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					Feasibility Impact Analysis of the Transfers Task Force Report

By Register.com

Authentication

The Transfers Task Force recommendations 9-10, 12, and 24-25 work
together to create a significant loophole that could leave vulnerable many
consumers. Task Force recommendation 13 does not provide an adequate
and timely solution to protect consumers.

Taken together this sub-set of recommendations means that the losing
registrar must trust the gaining registrar to do the authentication – a) send the
approved confirmation message, b) to the appropriate contact in the losing
registrar’s Whois, c) not confuse the registrant with deceptive marketing, and
d) receive a confirming message from the registrant or administrative contact.
Recommendation #12 specifies that this must all be “presumed.” The losing
registrar may not deny a transfer even if he/she has reason to know that the
gaining registrar has not followed these steps, has sent an approved
confirmation to the registrant, and has not heard back.

We have seen instances of confusion by registrants, particularly due to
misleading or deceptive marketing practices by large and small registrars and
their resellers. Consumers are transferred against their will, have a hard time
returning to their original registrar and registrars suffer not only from a loss of
business, but customer complaints (at best) for not fulfilling the losing
registrar’s fiduciary role. A dispute resolution mechanism does not solve this
problem – it is lengthy and expensive. It offers only a post-facto solution even
in cases of losing registrars knowing ahead of time of gaining registrars’
malfeasance.

Therefore, we would propose augmenting these recommendations in several
ways:

a. In cases where a losing registrar knows or has reason to know that a
   gaining registrar has regularly violated authentication requirements or
   based transfer requests on deceptive marketing, the losing registrar may
   deny a transfer request if he/she does not get a response from the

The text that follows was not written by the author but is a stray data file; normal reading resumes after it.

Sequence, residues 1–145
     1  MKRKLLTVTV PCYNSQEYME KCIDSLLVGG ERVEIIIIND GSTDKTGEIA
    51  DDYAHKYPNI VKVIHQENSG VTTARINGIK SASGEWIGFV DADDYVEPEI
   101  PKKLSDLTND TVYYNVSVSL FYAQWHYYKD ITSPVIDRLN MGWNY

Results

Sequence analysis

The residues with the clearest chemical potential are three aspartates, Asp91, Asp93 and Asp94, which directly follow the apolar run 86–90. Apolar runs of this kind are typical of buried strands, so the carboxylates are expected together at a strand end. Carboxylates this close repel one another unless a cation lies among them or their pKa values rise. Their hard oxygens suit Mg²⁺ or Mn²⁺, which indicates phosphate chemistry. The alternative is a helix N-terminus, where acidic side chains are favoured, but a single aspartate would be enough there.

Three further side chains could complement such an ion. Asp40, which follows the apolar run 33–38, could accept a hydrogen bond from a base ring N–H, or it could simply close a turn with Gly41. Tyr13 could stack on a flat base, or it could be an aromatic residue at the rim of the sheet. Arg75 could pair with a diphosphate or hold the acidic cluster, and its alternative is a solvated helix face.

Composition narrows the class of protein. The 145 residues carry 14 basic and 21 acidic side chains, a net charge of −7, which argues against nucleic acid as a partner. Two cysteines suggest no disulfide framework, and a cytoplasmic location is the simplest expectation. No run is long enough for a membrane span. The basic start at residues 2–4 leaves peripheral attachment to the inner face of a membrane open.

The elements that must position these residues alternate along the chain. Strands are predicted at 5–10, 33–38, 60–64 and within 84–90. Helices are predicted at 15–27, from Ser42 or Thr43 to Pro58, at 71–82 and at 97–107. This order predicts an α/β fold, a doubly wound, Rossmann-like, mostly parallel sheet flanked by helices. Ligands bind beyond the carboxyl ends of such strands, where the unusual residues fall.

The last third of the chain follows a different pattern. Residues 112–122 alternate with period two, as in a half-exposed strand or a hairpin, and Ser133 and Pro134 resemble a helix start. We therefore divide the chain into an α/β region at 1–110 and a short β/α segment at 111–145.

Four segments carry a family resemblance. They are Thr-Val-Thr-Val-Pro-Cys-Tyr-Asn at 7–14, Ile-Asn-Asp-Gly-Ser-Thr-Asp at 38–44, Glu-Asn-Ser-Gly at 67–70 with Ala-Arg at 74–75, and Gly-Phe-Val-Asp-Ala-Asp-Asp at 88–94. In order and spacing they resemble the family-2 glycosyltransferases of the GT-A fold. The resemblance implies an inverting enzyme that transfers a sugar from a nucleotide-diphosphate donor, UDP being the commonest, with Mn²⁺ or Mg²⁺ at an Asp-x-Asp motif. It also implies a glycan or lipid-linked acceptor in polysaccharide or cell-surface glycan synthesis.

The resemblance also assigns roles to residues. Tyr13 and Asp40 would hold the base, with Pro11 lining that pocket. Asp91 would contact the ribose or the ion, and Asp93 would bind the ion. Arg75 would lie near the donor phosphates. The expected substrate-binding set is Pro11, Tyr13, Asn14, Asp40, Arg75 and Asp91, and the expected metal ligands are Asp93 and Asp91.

registrant.
               i)     Such evidence would include: examples of deceptive
                      marketing messages; FTC or other similar government
                      body advisory about such registrar’s marketing
                      practices; 25% or more of the transfer requests being
                      Nack’ed due to registrants responding that they do not
                      want to transfer; 25% of such transfers trying to return
                      after the transfer; or a significant number of complaints
                       lodged with ICANN regarding the transfer practices of
                       such registrar.



b. The time frame for the transfer process should be increased – to 10-15
   days – to allow the losing registrar to alert the registry of bad practices by
   the gaining registrar. This could be an out-of-band occurrence (a fairly
   infrequent one), so that it would not require a change in protocol.



c. We would propose that the registry could have a list of the registrars that
   cannot be responsible for validating registrant requests (losing or gaining)
   due to a history of proven bad practices. This would alleviate the need to
   make changes in the protocol on a case-by-case basis.

Reasons to deny Transfers

Recommendation #25 may not work with the current deletes task force
recommendations. Right now for purposes of alerting registrants that their
name is expiring and they should renew, the grace period may be used to
take the name and place it on registrar lock. This action would inadvertently